verb (used with object), in·ter·ca·lat·ed, in·ter·ca·lat·ing.
IS YOUR DESERT PLANT KNOWLEDGE SUCCULENT OR DRIED UP?
Origin of intercalate
OTHER WORDS FROM intercalatein·ter·ca·la·tive, adjectiveun·in·ter·ca·lat·ed, adjective
Words nearby intercalate
Example sentences from the Web for intercalate
To prevent this it was customary at regular intervals to intercalate days or months.History of Astronomy|George Forbes
The rule was to intercalate a day in every fourth year (quarto quoque anno).Plutarch's Lives Volume III.|Plutarch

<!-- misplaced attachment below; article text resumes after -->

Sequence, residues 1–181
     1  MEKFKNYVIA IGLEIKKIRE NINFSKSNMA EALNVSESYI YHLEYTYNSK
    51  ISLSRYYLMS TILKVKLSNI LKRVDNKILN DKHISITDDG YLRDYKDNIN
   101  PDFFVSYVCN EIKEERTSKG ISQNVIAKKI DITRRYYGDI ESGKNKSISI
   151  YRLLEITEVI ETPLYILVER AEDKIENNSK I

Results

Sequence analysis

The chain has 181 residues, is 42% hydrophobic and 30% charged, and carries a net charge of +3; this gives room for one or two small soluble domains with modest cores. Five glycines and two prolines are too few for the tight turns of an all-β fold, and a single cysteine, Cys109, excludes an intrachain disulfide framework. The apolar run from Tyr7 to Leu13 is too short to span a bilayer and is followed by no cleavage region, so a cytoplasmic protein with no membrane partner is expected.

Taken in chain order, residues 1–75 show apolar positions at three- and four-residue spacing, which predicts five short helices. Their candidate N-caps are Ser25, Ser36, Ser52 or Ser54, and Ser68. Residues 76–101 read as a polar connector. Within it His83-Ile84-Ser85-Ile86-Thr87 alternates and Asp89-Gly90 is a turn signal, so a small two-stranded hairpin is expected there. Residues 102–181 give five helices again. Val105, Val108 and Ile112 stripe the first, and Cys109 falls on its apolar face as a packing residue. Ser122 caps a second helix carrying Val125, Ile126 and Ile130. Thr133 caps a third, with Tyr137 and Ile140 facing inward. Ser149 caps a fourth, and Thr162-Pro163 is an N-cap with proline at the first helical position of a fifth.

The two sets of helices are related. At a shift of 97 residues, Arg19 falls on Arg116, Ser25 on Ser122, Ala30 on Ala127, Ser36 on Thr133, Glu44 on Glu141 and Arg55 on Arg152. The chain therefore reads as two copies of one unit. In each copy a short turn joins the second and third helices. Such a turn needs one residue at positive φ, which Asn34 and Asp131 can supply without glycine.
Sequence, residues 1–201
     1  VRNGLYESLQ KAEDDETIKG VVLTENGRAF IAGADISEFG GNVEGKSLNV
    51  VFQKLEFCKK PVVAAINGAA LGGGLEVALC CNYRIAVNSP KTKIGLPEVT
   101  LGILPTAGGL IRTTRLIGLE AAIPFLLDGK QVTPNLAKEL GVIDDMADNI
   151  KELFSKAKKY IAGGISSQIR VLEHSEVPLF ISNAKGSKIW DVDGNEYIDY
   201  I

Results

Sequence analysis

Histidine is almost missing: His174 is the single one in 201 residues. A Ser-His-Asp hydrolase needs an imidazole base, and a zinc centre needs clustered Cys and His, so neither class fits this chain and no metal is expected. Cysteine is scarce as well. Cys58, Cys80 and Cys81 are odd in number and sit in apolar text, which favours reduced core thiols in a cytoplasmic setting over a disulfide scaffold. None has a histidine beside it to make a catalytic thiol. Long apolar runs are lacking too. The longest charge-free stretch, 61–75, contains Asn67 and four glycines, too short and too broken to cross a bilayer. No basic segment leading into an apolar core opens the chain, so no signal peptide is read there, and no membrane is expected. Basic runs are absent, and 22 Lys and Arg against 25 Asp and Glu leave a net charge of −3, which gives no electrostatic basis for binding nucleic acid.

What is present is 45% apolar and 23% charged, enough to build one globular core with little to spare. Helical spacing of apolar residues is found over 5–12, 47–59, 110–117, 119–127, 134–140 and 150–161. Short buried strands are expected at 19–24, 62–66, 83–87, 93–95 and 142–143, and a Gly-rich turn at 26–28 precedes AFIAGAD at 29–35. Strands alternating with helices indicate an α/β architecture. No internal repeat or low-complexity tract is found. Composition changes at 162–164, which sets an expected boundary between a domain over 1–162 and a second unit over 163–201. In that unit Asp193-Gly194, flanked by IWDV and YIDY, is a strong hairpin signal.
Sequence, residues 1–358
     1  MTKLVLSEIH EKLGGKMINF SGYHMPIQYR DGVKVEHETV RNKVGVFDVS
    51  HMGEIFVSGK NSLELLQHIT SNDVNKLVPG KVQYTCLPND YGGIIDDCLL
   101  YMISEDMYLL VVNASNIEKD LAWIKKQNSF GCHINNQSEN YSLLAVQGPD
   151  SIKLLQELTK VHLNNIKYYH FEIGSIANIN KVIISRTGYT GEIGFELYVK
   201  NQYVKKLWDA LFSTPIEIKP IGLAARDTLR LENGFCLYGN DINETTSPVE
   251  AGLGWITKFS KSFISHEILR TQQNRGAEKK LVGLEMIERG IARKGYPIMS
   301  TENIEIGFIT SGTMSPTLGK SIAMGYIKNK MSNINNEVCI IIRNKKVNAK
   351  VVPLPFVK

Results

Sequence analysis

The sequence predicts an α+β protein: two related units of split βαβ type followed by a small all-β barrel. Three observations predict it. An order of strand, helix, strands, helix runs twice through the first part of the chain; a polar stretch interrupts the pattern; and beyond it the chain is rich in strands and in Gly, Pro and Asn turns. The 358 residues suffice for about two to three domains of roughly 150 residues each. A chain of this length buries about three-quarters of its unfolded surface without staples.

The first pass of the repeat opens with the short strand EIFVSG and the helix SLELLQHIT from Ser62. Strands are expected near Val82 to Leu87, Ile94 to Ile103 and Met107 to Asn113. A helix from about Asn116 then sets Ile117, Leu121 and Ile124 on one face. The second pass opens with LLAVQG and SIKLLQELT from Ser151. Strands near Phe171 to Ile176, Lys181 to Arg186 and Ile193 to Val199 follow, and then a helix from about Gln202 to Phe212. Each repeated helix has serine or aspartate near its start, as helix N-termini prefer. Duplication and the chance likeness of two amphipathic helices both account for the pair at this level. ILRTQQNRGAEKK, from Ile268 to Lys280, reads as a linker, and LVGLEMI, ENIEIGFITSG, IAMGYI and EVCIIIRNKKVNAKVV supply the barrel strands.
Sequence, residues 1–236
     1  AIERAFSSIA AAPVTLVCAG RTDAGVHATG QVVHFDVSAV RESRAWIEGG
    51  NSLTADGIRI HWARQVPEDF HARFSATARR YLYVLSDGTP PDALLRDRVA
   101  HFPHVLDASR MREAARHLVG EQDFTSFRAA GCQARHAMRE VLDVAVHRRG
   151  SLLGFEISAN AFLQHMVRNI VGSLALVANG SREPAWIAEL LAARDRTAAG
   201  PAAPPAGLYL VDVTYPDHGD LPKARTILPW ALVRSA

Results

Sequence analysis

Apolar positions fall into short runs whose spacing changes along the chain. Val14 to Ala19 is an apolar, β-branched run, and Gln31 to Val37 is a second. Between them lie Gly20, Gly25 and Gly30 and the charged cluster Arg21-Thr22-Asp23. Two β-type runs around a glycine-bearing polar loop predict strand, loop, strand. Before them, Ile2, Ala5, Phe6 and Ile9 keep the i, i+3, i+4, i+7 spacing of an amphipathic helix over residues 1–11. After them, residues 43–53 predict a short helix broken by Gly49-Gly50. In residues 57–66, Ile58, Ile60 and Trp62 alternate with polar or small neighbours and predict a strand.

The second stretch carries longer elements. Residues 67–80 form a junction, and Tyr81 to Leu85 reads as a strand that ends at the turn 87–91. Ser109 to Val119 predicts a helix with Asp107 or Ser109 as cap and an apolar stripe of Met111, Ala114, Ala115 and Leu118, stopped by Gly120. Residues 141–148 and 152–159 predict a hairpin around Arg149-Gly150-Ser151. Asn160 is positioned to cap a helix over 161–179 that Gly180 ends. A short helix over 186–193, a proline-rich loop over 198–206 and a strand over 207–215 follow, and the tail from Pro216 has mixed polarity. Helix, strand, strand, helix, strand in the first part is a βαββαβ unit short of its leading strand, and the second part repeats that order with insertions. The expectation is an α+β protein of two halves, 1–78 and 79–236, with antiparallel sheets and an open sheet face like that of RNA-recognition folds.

So far it would suffice, in accounting for the facts, to intercalate between A and B a few terms, which would remain discrete.
The present appears the fittest place in which to intercalate remarks concerning them.Luck or Cunning|Samuel Butler